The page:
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dc.creatorGutiérrez, José María
dc.creatorLomonte, Bruno
dc.creatorLeón Montero, Guillermo
dc.creatorAlape Girón, Alberto
dc.creatorFlores Díaz, Marietta
dc.creatorSanz, Libia
dc.creatorAngulo Ugalde, Yamileth
dc.creatorCalvete Chornet, Juan José
dc.date.accessioned2016-11-16T20:37:01Z
dc.date.available2016-11-16T20:37:01Z
dc.date.issued2009-03-06
dc.identifier.citationhttp://www.sciencedirect.com/science/article/pii/S1874391909000128es_ES
dc.identifier.issn1874-3919
dc.identifier.urihttp://hdl.handle.net/10669/29259
dc.description.abstractSnakebite envenoming represents a neglected tropical disease that has a heavy public health impact, particularly in Asia, Africa and Latin America. A global initiative, aimed at increasing antivenom production and accessibility, is being promoted by the World Health Organization and others. This work discusses several aspects of antivenom manufacture and control in which the proteomic analysis of snake venoms, for which the term ‘snake venomics’ has been coined, might play a relevant supporting role. Snake venomics has already shown its usefulness for generating knowledge at different levels (ontogenetic, individual, and geographic) on inter- and intraspecies venom variability. This information has applications for the quality control of venom preparations used in antivenom manufacture. Moreover, the design of the best venom mixtures for immunization, aimed at increasing the effectiveness of antivenoms, may also be guided by venom proteome analysis, including molecular studies of the cross-reactivity of antivenoms and heterologous venoms through a recently developed methodological approach termed ‘antivenomics’. Results generated by proteomic protocols should be complemented by preclinical testing of antivenom efficacy using functional neutralization assays. Snake venomics might be also helpful in designing alternative in vitro tests for the assessment of antivenom efficacy that would eventually substitute current in vivo tests.es_ES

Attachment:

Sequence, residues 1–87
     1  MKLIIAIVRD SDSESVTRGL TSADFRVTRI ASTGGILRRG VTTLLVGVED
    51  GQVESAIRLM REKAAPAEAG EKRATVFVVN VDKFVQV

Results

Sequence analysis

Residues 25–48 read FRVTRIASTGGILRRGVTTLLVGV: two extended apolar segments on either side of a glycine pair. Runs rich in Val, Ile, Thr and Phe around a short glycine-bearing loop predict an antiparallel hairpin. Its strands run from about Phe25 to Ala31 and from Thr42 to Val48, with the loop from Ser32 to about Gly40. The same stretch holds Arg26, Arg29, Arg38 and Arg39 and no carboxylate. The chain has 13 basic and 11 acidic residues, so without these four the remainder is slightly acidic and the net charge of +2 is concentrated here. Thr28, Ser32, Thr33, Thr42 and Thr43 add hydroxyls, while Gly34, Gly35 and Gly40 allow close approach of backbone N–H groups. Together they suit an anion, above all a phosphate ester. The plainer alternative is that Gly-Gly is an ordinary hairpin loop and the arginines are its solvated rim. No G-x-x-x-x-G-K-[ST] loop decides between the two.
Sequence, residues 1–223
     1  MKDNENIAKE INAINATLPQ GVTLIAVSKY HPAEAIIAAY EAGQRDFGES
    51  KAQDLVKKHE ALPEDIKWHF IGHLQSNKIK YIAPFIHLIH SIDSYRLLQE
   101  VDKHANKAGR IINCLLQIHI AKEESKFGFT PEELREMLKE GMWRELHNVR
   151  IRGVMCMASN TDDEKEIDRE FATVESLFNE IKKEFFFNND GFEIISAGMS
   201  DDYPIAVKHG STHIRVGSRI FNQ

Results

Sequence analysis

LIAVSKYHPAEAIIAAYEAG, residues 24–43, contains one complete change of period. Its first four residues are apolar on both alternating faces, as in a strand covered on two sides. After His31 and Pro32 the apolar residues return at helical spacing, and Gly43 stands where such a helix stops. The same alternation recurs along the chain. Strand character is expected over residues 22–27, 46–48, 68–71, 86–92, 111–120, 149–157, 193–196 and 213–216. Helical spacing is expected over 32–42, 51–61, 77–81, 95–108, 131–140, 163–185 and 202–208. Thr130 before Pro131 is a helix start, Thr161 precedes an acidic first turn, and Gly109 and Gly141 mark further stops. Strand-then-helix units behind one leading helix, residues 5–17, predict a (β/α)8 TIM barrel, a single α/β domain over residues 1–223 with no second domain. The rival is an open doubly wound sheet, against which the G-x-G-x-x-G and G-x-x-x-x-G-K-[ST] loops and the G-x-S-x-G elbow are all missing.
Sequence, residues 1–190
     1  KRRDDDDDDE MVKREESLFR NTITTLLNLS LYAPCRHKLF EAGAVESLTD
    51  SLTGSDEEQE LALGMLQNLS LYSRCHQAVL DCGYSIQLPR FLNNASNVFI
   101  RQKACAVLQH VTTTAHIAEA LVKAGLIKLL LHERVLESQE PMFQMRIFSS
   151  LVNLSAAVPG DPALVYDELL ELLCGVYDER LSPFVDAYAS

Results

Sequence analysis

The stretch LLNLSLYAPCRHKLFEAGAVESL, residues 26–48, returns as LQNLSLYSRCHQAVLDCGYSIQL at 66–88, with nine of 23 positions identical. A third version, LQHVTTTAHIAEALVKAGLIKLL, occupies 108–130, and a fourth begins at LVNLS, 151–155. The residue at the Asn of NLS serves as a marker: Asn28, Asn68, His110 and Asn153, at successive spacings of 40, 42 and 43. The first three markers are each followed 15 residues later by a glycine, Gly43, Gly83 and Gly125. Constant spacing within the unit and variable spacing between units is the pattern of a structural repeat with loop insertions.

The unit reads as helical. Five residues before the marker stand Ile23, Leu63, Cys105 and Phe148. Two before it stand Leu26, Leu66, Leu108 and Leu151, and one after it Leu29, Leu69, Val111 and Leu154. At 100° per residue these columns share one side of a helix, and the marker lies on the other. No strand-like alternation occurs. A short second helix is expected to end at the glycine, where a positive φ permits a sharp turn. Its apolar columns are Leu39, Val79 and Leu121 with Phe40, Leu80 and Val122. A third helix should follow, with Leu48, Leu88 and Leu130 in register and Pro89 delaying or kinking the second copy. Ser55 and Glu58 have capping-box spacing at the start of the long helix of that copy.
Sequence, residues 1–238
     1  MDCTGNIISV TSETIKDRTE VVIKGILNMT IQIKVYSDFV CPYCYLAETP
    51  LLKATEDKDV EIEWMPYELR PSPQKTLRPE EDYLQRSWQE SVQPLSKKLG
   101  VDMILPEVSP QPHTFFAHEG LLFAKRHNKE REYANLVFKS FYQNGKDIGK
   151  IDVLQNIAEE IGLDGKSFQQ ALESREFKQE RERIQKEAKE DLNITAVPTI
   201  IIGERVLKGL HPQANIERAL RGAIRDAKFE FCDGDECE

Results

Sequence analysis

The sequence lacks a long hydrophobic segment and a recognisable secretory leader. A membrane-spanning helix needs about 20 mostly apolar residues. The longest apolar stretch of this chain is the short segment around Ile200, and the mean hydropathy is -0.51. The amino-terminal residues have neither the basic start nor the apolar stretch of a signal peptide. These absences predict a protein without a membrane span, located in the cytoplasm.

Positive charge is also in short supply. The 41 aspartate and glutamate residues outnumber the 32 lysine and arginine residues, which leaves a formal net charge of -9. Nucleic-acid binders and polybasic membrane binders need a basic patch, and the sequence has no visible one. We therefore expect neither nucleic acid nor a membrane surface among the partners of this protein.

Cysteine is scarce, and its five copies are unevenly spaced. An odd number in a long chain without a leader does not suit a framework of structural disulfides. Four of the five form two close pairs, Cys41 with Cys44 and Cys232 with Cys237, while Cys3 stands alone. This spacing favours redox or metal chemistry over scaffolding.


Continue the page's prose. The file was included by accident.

dc.description.sponsorshipConsejo Superior de Investigaciones Científicas (CSIC), project 2007CR0004es_ES
dc.description.sponsorshipCYTED, project 206AC0281es_ES
dc.description.sponsorshipUniversidad de Costa Rica, project 741-A8-521es_ES
dc.description.sponsorshipConsejo Nacional de Rectores (CONARE), Costa Ricaes_ES
dc.description.sponsorshipMinisterios de Educación y Ciencia and Ciencia e Innovación, Madrid, grants BFU2004-01432 and BFU2007-61563es_ES
dc.description.sponsorshipAcciones Integradas 2006CR0010es_ES
dc.language.isoen_USes_ES
dc.sourceJournal of Proteomics; Volumen 72, Número 2. 2009es_ES
dc.subjectProteomics of snake venomses_ES
dc.subjectVenomicses_ES
dc.subjectAntivenomses_ES
dc.subjectAntivenomicses_ES
dc.subjectPreclinical testinges_ES
dc.subjectSnake venomes_ES
dc.titleSnake venomics and antivenomics: Proteomic tools in the design and control of antivenoms for the treatment of snakebite envenominges_ES
dc.typeinfo:eu-repo/semantics/articlees_ES
dc.typeArtículo científicoes_ES
dc.identifier.doi10.1016/j.jprot.2009.01.008
dc.description.procedenceUCR::Vicerrectoría de Investigación::Unidades de Investigación::Ciencias de la Salud::Instituto Clodomiro Picado (ICP)es_ES
dc.description.procedenceUCR::Vicerrectoría de Docencia::Salud::Facultad de Medicina::Escuela de Medicinaes_ES
dc.description.procedenceUCR::Vicerrectoría de Investigación::Unidades de Investigación::Ciencias Básicas::Centro de Investigación en Estructuras Microscópicas (CIEMIC)es_ES


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